Prudential and Blackstone's recent acquisition of £12bn of buy-to-let assets from UK Asset Resolution represents another move towards great portfolio diversification of the real estate assets held by larger life offices.
Clearly, life office general accounts are no strangers to real estate investing, although with the notable exception of equity release portfolios (typically used to back annuity liabilities) the focus has commonly involved commercial real estate assets, as the issues involved in rating and securitising more granular residential portfolios have on occasion proven difficult to overcome.
However, the search for high quality illiquid credit continues - particularly in structures which have the capability to offer a range of maturity profiles. A variety of new approaches have moved life companies towards greater exposure to the residential category: ground rent securitisation, social housing based projects involving a mixture of debt and equity participation with developers, and urban regeneration initiatives are recent examples.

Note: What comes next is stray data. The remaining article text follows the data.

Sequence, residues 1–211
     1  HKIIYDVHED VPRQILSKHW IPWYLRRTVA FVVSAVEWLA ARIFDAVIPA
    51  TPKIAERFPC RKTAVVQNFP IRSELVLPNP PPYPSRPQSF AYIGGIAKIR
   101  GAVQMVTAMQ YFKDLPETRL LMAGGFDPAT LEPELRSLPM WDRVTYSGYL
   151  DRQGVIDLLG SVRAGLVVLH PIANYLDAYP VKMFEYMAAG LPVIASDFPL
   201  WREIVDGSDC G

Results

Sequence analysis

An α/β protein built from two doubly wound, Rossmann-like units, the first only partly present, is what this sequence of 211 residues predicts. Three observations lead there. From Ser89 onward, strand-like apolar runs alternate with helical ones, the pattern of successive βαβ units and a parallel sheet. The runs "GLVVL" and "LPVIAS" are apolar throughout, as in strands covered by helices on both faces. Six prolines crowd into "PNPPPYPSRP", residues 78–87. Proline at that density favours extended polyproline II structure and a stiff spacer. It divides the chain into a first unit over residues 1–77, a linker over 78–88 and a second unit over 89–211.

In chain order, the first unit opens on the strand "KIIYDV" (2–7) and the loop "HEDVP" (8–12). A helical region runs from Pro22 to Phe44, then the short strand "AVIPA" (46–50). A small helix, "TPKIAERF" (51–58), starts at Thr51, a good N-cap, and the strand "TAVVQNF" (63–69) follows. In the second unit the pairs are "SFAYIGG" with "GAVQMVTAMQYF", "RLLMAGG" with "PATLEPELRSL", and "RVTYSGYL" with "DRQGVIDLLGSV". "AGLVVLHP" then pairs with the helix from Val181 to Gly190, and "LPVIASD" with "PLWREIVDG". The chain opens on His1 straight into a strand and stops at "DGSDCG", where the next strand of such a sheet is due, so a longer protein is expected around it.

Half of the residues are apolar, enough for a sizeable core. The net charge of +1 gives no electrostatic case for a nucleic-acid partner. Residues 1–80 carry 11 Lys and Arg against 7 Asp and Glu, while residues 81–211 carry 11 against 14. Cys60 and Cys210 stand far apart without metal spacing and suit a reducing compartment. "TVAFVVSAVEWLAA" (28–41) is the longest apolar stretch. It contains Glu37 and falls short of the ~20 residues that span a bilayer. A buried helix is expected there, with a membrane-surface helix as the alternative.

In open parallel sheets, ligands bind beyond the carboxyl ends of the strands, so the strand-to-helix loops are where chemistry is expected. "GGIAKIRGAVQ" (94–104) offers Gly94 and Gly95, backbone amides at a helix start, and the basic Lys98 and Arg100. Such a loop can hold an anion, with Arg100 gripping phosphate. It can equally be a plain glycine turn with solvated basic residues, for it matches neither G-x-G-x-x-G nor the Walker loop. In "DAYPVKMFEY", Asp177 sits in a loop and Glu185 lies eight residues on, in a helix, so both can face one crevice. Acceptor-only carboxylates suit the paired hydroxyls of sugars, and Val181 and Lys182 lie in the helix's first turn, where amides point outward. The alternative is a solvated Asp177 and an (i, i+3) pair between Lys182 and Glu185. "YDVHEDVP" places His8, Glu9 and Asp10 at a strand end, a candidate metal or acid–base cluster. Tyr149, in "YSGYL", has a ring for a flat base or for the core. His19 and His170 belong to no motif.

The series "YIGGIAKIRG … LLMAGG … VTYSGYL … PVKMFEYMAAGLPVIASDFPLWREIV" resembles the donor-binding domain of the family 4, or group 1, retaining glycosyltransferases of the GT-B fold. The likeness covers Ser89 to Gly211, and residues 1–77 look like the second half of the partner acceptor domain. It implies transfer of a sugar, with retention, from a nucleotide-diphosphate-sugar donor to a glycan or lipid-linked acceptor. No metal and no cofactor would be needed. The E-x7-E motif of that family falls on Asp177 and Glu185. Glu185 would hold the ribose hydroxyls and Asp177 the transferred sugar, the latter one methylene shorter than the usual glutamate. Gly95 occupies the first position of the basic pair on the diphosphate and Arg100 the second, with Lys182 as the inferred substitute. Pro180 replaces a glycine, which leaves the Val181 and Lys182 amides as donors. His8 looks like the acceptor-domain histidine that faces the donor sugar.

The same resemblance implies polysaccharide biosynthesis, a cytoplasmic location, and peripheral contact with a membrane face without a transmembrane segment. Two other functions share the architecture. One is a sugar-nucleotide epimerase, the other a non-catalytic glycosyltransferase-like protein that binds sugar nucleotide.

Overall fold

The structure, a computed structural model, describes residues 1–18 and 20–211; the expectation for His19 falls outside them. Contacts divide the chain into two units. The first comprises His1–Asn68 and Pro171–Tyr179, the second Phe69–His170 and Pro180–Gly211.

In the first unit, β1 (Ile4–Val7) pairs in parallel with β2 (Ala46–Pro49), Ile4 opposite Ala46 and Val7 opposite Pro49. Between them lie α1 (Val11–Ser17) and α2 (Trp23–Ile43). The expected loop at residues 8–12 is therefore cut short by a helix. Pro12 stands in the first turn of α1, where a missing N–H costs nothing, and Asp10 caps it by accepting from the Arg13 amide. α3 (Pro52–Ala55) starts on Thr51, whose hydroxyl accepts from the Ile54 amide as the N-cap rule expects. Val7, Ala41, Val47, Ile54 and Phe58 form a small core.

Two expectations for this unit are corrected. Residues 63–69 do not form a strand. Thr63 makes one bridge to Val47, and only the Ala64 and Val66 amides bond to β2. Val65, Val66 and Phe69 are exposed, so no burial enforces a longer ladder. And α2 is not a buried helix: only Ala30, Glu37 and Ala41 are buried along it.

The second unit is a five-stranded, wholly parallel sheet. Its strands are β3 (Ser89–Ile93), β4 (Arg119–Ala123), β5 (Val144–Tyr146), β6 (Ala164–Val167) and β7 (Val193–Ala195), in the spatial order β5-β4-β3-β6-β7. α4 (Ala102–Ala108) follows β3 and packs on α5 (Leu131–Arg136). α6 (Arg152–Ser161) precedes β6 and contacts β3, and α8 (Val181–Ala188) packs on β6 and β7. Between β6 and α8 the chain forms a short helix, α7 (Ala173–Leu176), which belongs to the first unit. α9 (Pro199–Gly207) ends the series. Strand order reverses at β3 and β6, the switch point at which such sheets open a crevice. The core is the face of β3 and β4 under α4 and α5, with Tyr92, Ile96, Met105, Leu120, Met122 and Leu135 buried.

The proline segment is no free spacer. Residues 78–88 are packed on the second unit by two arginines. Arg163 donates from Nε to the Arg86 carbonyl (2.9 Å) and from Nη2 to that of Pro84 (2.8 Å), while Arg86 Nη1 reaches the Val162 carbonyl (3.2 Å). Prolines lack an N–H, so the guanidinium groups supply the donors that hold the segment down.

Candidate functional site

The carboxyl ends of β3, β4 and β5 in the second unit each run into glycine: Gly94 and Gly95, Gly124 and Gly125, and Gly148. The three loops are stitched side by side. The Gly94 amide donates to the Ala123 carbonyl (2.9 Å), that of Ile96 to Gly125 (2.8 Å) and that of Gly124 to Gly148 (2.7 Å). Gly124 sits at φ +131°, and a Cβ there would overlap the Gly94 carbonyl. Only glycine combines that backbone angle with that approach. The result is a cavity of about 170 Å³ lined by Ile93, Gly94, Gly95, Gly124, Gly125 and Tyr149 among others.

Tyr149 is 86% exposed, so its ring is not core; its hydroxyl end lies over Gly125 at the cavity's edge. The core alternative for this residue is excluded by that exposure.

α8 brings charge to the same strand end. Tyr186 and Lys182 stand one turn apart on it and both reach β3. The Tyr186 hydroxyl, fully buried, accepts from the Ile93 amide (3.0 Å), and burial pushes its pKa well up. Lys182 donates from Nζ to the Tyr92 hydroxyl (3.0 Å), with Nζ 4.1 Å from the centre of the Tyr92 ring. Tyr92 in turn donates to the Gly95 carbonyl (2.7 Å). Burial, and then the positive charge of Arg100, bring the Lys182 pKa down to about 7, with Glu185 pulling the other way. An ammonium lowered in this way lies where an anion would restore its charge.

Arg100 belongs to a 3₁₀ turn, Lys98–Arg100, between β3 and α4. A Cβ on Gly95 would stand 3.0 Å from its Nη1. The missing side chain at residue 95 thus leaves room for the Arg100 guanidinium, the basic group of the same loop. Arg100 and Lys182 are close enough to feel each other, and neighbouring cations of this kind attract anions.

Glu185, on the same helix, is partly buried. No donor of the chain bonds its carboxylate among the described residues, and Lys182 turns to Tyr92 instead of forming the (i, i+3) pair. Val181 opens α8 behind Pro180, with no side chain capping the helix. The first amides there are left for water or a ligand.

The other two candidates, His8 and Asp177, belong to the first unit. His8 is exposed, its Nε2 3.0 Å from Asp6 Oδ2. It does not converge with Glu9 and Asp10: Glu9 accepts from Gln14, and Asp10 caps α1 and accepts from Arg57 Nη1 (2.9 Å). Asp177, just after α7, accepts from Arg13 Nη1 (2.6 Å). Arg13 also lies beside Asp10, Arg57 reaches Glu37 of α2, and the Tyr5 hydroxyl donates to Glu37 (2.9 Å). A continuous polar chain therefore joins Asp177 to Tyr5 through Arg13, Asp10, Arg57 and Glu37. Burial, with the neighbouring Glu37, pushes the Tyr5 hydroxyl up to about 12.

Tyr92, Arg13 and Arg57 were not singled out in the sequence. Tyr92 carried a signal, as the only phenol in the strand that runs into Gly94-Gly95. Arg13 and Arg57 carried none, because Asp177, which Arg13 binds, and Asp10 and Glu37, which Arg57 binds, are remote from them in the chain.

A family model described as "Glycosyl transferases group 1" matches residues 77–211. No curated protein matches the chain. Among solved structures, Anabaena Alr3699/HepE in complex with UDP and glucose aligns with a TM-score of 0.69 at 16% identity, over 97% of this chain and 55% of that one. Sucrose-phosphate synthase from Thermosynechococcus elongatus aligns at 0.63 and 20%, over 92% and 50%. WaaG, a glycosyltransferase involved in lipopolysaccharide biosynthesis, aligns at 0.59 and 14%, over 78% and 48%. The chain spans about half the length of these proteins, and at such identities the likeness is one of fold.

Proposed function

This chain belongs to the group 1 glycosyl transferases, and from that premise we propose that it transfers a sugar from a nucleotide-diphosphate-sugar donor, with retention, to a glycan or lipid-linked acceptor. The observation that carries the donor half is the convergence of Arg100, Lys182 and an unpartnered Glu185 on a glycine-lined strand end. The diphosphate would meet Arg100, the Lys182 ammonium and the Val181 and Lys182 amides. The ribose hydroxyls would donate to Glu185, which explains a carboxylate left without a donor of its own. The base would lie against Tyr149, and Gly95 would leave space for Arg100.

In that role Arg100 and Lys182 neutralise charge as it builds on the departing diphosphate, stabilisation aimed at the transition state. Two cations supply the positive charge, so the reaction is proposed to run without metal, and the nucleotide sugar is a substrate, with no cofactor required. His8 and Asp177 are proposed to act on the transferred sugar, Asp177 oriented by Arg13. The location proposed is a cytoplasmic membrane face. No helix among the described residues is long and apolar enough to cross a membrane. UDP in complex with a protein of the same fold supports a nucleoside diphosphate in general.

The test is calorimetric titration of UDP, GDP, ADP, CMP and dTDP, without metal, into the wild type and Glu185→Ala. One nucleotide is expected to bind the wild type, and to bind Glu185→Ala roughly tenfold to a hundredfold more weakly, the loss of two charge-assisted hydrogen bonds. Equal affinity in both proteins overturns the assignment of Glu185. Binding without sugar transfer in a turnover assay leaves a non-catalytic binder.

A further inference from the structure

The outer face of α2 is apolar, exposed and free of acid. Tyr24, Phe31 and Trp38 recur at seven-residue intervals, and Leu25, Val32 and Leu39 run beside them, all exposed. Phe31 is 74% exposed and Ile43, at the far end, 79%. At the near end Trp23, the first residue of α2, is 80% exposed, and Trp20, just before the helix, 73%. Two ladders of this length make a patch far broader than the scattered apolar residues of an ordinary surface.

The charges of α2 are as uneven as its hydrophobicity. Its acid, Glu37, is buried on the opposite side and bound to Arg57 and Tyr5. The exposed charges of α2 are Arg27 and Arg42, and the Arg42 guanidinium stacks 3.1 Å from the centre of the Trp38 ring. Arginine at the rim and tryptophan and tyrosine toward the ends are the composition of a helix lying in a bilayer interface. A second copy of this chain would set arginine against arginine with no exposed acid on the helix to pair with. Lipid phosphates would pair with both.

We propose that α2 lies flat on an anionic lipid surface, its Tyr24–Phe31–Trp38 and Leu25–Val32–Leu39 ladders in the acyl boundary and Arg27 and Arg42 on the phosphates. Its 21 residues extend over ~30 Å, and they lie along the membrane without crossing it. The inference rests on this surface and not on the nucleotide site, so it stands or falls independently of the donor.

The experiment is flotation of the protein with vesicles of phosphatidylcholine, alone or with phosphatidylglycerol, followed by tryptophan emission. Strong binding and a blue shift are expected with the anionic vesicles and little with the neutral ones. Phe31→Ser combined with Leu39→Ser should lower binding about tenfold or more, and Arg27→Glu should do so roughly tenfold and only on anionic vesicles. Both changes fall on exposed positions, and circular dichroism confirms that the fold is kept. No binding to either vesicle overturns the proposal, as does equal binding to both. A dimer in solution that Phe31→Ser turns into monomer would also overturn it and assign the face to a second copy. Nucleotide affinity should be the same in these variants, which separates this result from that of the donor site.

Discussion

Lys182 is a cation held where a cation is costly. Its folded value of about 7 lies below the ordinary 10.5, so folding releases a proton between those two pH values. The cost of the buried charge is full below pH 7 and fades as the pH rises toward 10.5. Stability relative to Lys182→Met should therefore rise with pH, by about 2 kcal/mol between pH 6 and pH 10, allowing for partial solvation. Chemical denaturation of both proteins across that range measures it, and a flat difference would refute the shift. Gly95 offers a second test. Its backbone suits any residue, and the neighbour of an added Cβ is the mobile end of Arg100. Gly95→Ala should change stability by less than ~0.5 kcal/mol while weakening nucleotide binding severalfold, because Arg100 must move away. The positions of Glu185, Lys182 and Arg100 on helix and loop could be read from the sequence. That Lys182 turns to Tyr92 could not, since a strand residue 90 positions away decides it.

Meanwhile, life companies are becoming increasingly adept at scrutinising, rating and manufacturing more granular debt categories for inclusion in their investment portfolios. In the UK at least, bank retrenchment remains an important investment theme...
UK insurer Prudential and US private equity firm Blackstone have bought former Bradford & Bingley loans for £11.8bn in one of the largest government asset sales in Europe. The loans, which are mostly buy-to-let mortgages still being repaid by borrowers, were sold at a discount of about £400m to their book value to reflect the low yield. Ray Boulger, of broker John Charcol, said most of the borrowers would be on interest rates as low as 2 per cent. The sale process, run by UK Asset Resolution on behalf of the government, comes more than a year after a record-breaking £13bn sale of former Northern Rock mortgages to private equity firm Cerberus. The mortgages in the latest sale were issued by Bradford & Bingley before its collapse, which led to its rescue by the taxpayer in the 2008 financial crisis.